Tuesday, August 01, 2017

Dunkirk



Dunkirk reminds me of 2001: A Space Odyssey – at least what little I remember of it – but with less classical music. Both are critical favorites but there is just an empty feeling when the characters barely talk. Well, empty is a strong word but more a feeling that something is missing.

Surprisingly – or maybe not – Christopher Nolan manages to inject weirdness into the movie a dose of nonlinear story telling. I didn’t pick it up a first; wondered why some scenes were night and some day when they were all supposed to be in the same time zone. There were parts that repeated but from different camera angles so I couldn’t help but wonder if Nolan made a sci-fi out of a World War II story?

He did not. The nonlinear style was meant to show the rescue of nearly 400,000 British and French troops from three perspectives: a foot soldier waiting for rescue on the beaches, a British fighter pilot providing air coverage, and a civilian pleasure yacht owner speeding towards Dunkirk. Although the three perspectives came in at different times they would all converge into one event that made history.

Little talking relegated the characters are second only to Dunkirk the event. They talked so few times I didn’t learn who they are. There was no back story in England not even details of their unit and its defeat against the German army.


I can barely recall Farrier ever taking his breathing masked off which means Tom Hardy was hidden for most of the movie. Pretty boy Harry Styles had lines only at the latter half. I didn’t even know it was him. Actually I mistook Harry for Fionn Whitehead who plays the young British soldier Tommy whom the camera was chasing all over the beaches of Dunkirk.

Of all the characters Mr. Dawson (Mark Rylance) was my emotional anchor. He, his son, and a young family friend had plenty of screen time and emotionally compelling dialogue. Also it helped that Rylance had Cillian Murphy to "spar" with, in his scenes. Murphy plays a shell shocked soldier who can only think of going home while Rylance was playing a man who can only think of getting into the war.

The Rylance vs Murphy is the war to watch. Fight or flight, hope vs. despair. British strategy was to hold their warships in reserve and instead use civilian ships to aid in the rescue. Mr. Dawson with his pleasure boat answered that call. I was buying more into everything Mr. Dawson believed in than the emotion of any soldier on the beach desperate to come home.

It is hard to see the desperation on the beaches of Dunkirk seeing the soldiers queued up in the thousands. Were they so in real life? There’s not even a remark on how defenses against the German army are holding hence no suggestion of urgency, no sense that time is running out before the British and French are fully enveloped. It’s not that I want hysterical lack of discipline but the lines were just so neat.

Occasionally those neat lines were harassed by German planes. A German warplane on a strafing/bombing run made the loudest, scariest sound in the entire movie highlighting its significance against the retreating British and French. But for me it’s not the same as actually seeing the walls (German tanks) closing in so to speak.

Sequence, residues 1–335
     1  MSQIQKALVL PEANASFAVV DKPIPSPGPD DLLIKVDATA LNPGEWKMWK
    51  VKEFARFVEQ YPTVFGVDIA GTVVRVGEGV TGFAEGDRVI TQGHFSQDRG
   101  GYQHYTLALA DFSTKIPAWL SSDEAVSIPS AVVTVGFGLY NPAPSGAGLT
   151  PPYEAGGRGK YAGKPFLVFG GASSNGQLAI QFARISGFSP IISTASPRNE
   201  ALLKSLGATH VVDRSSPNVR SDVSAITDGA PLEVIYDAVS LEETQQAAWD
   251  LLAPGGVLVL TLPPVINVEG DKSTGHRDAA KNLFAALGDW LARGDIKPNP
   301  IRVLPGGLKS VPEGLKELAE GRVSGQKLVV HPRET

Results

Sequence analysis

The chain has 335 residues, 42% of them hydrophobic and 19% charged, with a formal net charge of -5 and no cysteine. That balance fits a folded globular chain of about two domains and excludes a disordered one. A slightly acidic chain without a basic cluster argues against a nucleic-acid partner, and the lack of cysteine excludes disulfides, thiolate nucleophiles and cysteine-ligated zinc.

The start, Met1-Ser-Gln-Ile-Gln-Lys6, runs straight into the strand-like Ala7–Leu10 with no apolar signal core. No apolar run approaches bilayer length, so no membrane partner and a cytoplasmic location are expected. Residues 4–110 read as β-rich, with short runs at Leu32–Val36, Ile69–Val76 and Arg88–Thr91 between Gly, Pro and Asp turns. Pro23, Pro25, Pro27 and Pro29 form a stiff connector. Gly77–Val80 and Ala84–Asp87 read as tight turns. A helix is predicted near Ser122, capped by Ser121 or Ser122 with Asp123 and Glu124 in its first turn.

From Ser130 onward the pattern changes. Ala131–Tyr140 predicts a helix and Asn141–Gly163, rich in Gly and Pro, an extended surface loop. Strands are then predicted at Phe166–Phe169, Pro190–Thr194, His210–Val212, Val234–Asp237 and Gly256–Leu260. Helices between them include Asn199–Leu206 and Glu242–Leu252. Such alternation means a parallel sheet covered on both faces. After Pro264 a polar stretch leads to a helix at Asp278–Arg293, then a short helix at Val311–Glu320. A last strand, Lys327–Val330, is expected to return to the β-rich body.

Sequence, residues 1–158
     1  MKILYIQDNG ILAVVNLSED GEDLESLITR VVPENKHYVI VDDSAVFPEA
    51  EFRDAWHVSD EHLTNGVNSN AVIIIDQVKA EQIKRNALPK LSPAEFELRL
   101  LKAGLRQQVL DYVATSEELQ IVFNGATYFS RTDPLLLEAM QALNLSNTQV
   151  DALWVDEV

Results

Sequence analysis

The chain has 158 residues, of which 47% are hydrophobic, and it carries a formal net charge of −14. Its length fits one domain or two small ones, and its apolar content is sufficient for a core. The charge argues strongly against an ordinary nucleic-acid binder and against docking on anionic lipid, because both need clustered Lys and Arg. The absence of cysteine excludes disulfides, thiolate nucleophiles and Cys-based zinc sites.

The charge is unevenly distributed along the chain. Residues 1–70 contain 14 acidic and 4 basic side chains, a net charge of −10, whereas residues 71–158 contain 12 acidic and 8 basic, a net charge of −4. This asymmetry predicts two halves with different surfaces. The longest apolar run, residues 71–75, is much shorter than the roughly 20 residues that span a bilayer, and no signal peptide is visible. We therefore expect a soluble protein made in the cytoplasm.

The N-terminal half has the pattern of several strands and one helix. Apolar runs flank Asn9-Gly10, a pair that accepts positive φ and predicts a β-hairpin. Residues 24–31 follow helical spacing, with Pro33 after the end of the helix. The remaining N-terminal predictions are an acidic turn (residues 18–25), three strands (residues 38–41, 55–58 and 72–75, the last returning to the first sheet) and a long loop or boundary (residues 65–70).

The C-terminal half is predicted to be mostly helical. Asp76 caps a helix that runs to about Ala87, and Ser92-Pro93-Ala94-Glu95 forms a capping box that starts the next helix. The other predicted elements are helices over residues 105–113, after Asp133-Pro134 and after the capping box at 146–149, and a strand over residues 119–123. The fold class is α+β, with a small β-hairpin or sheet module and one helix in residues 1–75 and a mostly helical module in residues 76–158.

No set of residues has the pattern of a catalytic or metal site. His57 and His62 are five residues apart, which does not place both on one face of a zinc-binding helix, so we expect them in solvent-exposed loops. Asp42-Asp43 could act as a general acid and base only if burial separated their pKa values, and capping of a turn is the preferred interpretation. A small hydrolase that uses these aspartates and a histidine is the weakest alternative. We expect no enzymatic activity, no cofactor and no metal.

There was a casual question if the French would evacuate to England as well. Normally a defeated army would just dissolve and get back to their families if not continue into guerrilla mode. I supposed the French cannot just casually disappear when their positions being surrounded by Germans. The question of French evacuation could have made the waiting lines of Dunkirk a little more exciting.

Perhaps the urgency was meant to be seen in Tommy always running around. Tommy was always on the lookout for ways to get off the beach but the lack of dialogue never allowed me to get into his head. There was no mention of a wife, girlfriend, not even a cry out for mommy. For lack of lines, Tommy felt like a plot device silently moving around dragging the camera with him.

As far as good lines of dialogue is concerned, Commander Bolton (Kenneth Branagh) was the only character that mentioned the word home but I never felt any gut wrenching desperation to get home. Then again maybe I’m just projecting myself into the situation; pocketed from all sides by enemy soldiers on foreign land I’d be crying for home.

via GIPHY

Nolan, true to his reputation was stingy with the CGI but the scene when the civilian ships were already visible from Dunkirk, the story’s emotional high point could have used a lot of CGI. I don’t know how many civilian ships came to Dunkirk for the rescue but that scene looked like there were only 20 or more; there are 400,000 troops on the beach.

But besides that and the excessively beautiful queues, Dunkirk was excellently shot. Although I cry out for emotionally compelling dialogue the scenes to be fair were not emotionally dead. It just didn't have enough to get over the hump I had in mind. 

As a war movie Dunkirk is visually compelling, great for iMax which the movie was so often marketed for. Is it Nolan's best? Dunkirk is not The Dark Knight.